I'd like to recommend another blog to you all. Find it at refute.me.uk. It's written by Matthew Pearce, my university bestie who I don't see nearly enough. He holds the distinction of being among the smartest people I know and the only person who reads things properly properly. As a result of that there are posts in his blog about things that fly over my head. His blog is considered and researched, and although it doesn't have enough attribution links to papers and articles (hint, hint, Mat), and contains come technical posts clearly not aimed at me. You'll get no bullshit on refute.me.uk, but you will get factual articles rooted in the real world, and thought experiments designed to illuminate, with a weight towards economics as real-world phenomena. You know... numbers n that.
A recent post discusses the impact of a sudden influx of Star Trek technology dropped, deus ex machina, from the sky by a passing mischievous alien or time-traveller. It would improve our lives immeasurably (or is it measurably...) yet it would send many systems and structures we rely on into chaos and collapse. Useful? I don't know, perhaps. Interesting? Definitely. Numbers are another language; an almost incomprehensible barely forgotten second language from primary school. But that's my fault and my problem.
Numbers and statistics are the language of the way the world works. To understand anything true one must necessarily deal with the difficult, the obscure and the counter-intuitive. Statistics and the results of the scientific method can often produce results we wouldn't have expected, and that's the exact reason we need them. Throughout history the things we have imagined or wished to be true have mostly turned out to be myth and misconception. Then we got scientific method and the mass collection of statistics, and we finally started doing stuff right.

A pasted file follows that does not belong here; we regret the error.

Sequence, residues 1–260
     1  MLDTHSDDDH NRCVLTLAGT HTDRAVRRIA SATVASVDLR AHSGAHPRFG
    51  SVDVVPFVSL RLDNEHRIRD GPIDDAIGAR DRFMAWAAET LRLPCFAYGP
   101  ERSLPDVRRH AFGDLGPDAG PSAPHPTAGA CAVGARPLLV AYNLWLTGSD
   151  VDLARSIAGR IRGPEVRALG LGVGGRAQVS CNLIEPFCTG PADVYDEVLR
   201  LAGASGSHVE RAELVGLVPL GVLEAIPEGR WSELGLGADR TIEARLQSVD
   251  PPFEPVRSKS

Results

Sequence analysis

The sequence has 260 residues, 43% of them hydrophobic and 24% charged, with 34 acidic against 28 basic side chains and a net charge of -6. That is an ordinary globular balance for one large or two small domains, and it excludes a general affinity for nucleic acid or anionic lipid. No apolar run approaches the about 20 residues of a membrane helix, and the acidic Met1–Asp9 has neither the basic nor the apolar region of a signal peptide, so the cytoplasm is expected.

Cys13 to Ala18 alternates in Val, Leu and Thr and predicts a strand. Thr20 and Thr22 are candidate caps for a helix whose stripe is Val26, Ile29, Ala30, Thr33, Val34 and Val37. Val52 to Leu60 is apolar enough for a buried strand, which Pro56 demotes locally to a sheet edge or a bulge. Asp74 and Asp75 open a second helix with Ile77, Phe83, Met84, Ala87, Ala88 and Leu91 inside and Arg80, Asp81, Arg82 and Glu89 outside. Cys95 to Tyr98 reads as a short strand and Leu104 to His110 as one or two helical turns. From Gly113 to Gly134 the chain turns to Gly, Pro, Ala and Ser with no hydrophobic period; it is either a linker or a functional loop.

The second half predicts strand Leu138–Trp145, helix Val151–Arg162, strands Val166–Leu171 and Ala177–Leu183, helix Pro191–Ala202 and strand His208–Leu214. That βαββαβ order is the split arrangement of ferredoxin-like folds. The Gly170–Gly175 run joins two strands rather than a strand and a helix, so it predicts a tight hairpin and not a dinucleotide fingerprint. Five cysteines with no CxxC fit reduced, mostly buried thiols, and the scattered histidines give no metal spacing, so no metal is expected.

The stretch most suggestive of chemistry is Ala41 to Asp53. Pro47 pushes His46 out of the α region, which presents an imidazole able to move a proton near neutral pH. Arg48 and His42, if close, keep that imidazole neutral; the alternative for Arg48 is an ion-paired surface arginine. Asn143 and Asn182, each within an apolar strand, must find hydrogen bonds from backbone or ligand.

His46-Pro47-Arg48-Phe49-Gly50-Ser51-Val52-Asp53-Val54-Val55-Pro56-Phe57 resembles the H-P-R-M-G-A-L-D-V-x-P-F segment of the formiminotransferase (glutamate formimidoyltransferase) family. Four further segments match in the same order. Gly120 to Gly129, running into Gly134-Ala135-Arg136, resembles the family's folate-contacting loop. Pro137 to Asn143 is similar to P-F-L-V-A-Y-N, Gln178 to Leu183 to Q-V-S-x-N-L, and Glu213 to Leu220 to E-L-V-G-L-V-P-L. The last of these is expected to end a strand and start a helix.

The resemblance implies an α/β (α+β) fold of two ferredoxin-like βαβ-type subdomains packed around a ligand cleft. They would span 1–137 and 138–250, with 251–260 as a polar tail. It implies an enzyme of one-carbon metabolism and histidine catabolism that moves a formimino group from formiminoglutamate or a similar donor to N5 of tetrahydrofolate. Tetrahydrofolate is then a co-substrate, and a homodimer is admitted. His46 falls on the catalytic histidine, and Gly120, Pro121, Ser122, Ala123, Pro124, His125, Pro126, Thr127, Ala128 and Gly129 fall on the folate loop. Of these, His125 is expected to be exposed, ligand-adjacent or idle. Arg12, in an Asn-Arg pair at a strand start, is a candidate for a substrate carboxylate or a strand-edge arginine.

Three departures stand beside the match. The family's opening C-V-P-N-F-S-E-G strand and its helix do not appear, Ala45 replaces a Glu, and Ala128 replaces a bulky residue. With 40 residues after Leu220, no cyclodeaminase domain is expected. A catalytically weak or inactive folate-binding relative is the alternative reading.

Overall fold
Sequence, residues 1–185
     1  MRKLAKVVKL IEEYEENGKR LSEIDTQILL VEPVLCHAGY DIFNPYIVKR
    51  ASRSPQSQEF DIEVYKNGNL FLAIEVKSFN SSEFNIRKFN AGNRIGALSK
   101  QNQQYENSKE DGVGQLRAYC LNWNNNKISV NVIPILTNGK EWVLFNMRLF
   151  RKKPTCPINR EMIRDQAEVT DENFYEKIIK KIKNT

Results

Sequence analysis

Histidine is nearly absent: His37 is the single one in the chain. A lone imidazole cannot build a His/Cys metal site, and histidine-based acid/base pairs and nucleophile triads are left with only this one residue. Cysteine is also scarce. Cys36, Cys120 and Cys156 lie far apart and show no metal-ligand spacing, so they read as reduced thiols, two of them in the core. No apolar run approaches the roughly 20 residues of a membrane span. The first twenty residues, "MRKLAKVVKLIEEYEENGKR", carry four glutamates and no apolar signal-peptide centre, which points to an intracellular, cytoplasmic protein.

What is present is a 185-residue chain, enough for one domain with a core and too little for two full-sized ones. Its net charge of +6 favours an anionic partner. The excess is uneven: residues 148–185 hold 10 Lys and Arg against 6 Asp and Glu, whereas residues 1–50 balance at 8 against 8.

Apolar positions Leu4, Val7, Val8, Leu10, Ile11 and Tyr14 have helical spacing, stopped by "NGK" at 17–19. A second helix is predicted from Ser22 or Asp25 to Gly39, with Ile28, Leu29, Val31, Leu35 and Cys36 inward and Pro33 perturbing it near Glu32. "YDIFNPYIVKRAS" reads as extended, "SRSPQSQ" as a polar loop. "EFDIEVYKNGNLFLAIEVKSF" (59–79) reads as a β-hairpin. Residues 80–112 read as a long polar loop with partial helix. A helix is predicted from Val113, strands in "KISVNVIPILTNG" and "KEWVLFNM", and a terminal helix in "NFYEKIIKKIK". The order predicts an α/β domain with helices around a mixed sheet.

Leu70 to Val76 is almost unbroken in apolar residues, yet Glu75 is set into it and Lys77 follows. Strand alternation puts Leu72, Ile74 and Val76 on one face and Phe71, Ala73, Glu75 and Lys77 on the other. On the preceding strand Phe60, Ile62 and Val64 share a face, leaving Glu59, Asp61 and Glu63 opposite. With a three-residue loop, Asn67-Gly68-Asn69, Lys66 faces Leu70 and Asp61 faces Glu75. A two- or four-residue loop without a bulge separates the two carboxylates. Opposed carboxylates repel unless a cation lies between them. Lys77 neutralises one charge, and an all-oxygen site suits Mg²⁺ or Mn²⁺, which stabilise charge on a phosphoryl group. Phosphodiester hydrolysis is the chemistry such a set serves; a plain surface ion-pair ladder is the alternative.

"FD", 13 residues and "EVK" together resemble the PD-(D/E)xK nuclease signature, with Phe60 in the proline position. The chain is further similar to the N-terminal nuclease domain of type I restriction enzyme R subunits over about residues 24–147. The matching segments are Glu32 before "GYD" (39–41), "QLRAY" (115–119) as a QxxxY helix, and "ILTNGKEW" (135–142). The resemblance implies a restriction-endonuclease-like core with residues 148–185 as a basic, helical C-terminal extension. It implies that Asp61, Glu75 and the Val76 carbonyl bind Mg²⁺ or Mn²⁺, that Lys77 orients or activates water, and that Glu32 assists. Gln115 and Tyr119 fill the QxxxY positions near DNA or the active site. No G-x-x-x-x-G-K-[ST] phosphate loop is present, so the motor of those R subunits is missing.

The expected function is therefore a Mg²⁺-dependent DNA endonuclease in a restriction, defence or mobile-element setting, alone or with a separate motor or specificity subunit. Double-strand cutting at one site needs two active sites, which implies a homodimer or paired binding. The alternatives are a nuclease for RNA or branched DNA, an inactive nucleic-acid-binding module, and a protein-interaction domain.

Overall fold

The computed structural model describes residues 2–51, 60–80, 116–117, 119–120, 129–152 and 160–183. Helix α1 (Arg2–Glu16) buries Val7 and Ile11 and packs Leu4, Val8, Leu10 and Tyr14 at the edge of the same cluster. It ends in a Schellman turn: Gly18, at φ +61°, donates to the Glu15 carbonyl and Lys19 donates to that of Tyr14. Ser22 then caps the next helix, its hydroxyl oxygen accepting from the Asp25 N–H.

Damn, I'm so annoyed at myself for ignoring mathematics when I was young, for frying my brain with youthful indulgence and arrogant laziness. Now numbers make my eyes hurt. But everything in this life worth having, seeing, doing, knowing, is worth working for. Worth putting in the effort for. I want to understand the world around me; the way it really is, not the way is most comforting or the most convenient. I must remember not to confuse that which I'd like to be true, with that which is actually true. Difficult, but absolutely essential.
What was I talking about? I suspect when Matthew is writing his posts for refute.me.uk he remembers what the first paragraph was about by the time he gets to the fifth; he looks back at what he has written, rewriting and redrafting in order to achieve the clear objective he was aiming for. Good work if you can get it, but not for me. I'm not ready for that yet: further study is needed.